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Re: Back to the Moon in Five Years?

#97  Postby GrahamH » May 10, 2019 7:02 pm

Why do you think that?
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Re: Back to the Moon in Five Years?

#98  Postby tuco » May 13, 2019 6:02 pm

Bit old news but with some new info.

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NASA Outlines Plan for 2024 Moon Landing

The approach, as he described, would require three launches of the Space Launch System heavy-lift rocket and Orion spacecraft, starting with the uncrewed Exploration Mission (EM) 1 mission already in development.


NASA, meanwhile, would be working on other elements of the lunar landing architecture. The agency announced April 26 it was modifying an upcoming broad agency announcement that is part of its Next Space Technologies for Exploration Partnerships program that will now seek proposals for integrated lunar lander concepts. "Now we're asking for a service of ascent, descent and transfer [stages], essentially an all-in-one service for landing," he said.

That is a shift from earlier plans, which called for procuring the stages separately and having NASA integrate them. "We thought that might be slower, and if we gave accountability for all that to one entity, they could make those trades," he said, such as approaches that would require only two stages. NASA might support multiple companies through at least part of the development effort "so we have the ability that, if one gets in trouble, the other one will be there."


Gerstenmaier said that the approach for a human lunar landing in 2024 is minimalistic. "I would say, for the initial 2024 landing, it's going to be pretty Spartan," he said when asked about the development of spacesuits for lunar excursions.


That budget amendment "is still very much in flux," Whitley said, but didn't discuss when it's likely to be complete or how much additional funding it's likely to request.

"It's still within the administration," James Reuter, NASA associate administrator for space technology, said of the revised budget in an April 30 presentation to the NASA Advisory Council's technology committee. He said he didn't expect much in the way of new details about the revised budget when Bridenstine testifies before a Senate appropriations subcommittee May 1.

"Shortly after that is the target to get it over," he said of delivering that amended budget to Congress. "It's recognized, to make 2024, there needs to be more budget, substantially more budget."


https://www.space.com/nasa-2024-moon-landing-plan.html

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I also believe there is new content on NASA website with regards to Moon lanindg:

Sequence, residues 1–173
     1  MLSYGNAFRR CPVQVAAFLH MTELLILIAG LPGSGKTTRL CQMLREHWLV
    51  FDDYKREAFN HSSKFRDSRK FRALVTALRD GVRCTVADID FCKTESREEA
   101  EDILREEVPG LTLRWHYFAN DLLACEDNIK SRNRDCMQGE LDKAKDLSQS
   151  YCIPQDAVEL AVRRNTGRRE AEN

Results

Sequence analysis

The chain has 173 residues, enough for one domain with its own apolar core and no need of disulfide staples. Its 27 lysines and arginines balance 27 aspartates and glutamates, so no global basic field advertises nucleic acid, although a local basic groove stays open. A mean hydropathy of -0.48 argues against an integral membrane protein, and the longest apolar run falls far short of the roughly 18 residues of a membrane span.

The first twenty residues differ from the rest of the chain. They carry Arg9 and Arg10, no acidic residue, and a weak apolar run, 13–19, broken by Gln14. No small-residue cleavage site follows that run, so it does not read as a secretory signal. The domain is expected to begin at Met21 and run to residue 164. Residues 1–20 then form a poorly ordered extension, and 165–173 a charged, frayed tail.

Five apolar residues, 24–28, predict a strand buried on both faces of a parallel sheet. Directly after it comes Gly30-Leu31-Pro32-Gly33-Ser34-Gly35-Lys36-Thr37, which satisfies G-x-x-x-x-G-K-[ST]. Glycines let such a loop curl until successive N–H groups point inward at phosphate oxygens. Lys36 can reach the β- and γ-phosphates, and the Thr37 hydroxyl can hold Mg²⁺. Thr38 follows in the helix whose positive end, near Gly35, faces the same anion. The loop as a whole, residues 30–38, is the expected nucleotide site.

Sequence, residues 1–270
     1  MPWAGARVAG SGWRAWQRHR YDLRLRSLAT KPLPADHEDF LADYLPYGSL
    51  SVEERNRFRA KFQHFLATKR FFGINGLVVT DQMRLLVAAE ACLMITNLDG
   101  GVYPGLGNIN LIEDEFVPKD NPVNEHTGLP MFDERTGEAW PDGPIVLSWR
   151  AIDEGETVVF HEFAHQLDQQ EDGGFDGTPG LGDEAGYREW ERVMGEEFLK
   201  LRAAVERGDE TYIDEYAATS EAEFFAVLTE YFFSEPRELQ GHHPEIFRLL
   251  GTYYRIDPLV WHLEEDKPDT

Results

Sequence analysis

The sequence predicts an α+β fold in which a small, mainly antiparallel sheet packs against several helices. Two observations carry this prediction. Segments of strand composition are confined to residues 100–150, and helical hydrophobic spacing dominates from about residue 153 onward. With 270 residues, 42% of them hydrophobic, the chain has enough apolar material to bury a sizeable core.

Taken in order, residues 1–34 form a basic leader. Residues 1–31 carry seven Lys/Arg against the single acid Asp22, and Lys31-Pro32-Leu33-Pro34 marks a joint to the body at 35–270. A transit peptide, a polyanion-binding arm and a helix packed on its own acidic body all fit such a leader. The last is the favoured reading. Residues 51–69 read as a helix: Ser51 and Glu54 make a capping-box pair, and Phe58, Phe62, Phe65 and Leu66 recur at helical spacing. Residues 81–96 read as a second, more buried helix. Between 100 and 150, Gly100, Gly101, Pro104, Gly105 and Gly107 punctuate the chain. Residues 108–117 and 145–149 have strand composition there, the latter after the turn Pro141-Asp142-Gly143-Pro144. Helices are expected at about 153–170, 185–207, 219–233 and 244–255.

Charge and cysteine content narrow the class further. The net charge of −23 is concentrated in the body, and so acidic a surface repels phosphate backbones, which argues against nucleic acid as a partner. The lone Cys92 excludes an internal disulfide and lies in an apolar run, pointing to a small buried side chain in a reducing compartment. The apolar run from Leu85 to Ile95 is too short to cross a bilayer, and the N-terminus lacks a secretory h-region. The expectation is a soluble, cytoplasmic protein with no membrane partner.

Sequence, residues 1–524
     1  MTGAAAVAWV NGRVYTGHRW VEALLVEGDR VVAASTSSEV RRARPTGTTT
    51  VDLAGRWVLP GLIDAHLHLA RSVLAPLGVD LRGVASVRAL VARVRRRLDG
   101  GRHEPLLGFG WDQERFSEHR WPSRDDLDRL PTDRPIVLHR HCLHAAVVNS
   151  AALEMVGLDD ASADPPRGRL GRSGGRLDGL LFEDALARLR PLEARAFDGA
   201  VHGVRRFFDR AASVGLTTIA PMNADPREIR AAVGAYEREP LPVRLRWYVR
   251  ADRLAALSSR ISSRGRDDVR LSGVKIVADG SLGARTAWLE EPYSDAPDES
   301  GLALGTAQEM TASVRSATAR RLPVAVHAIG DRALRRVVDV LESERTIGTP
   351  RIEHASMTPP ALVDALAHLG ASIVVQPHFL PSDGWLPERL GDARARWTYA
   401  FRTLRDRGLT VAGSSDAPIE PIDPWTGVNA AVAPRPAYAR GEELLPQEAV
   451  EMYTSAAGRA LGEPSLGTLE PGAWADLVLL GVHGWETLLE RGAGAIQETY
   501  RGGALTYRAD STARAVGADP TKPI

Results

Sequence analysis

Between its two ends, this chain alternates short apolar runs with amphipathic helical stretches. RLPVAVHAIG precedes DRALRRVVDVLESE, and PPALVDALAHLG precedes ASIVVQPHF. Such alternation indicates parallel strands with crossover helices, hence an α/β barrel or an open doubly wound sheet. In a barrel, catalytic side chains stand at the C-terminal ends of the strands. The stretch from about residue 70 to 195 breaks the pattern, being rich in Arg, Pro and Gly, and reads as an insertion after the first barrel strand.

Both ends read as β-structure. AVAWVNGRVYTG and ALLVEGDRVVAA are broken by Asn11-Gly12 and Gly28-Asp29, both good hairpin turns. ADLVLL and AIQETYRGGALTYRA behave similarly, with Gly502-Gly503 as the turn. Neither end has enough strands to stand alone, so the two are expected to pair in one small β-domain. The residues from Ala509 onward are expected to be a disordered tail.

https://www.nasa.gov/specials/moon2mars/

Including this poster. What was the artist thinking? Perhaps something like .. we are not gonna let you die this time? Anyway, so cool.
Attachments
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Re: Back to the Moon in Five Years?

#99  Postby tuco » May 15, 2019 6:41 pm

NASA Names New Moon Landing Program Artemis After Apollo's Sister

Artemis was also selected by a team competing for NASA's Commercial Lunar Payload Services (CLPS) contract. The team, led by Draper, named their proposed lunar lander Artemis-7 in honor of the Greek goddess. (The number 7 signified Draper's seventh lunar landing, having a heritage in Apollo.)

The name has also been used for a European communications satellite (retired in 2017) and was the fictional title given to the first city on the moon in author Andy Weir's ("The Martian") 2017 science fiction novel "Artemis." There is also a small crater with the name in Mare Imbrium, or the Sea of Showers, on the moon.

Bridenstine said the name Artemis represents the program's goal of inclusion.

"I have a daughter who is 11 years old, and I want her to be able to see herself in the same role as the next women [who] go to the moon see themselves in today," he said. "This is really a beautiful moment in American history, and I am very proud to be a part of it."


https://www.space.com/nasa-names-moon-l ... temis.html

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What else is needed?


Name :)
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Re: Back to the Moon in Five Years?

#100  Postby Svartalf » May 15, 2019 6:47 pm

and the next two programs will be Zeus and Leto after their parents...